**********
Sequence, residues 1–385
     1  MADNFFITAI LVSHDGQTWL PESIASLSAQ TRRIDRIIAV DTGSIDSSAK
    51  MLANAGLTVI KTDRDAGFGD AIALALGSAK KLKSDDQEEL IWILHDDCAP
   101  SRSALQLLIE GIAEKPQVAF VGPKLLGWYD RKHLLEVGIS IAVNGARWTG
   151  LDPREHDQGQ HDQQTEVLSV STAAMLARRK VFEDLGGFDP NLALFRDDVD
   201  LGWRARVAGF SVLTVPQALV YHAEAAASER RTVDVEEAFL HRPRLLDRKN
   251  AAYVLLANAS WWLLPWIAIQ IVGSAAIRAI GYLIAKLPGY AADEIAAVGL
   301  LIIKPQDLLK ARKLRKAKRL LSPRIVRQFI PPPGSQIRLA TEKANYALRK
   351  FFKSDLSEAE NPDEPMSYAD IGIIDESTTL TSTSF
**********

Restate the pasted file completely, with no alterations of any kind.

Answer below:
Sequence, residues 1–385
     1  MADNFFITAI LVSHDGQTWL PESIASLSAQ TRRIDRIIAV DTGSIDSSAK
    51  MLANAGLTVI KTDRDAGFGD AIALALGSAK KLKSDDQEEL IWILHDDCAP
   101  SRSALQLLIE GIAEKPQVAF VGPKLLGWYD RKHLLEVGIS IAVNGARWTG
   151  LDPREHDQGQ HDQQTEVLSV STAAMLARRK VFEDLGGFDP NLALFRDDVD
   201  LGWRARVAGF SVLTVPQALV YHAEAAASER RTVDVEEAFL HRPRLLDRKN
   251  AAYVLLANAS WWLLPWIAIQ IVGSAAIRAI GYLIAKLPGY AADEIAAVGL
   301  LIIKPQDLLK ARKLRKAKRL LSPRIVRQFI PPPGSQIRLA TEKANYALRK
   351  FFKSDLSEAE NPDEPMSYAD IGIIDESTTL TSTSF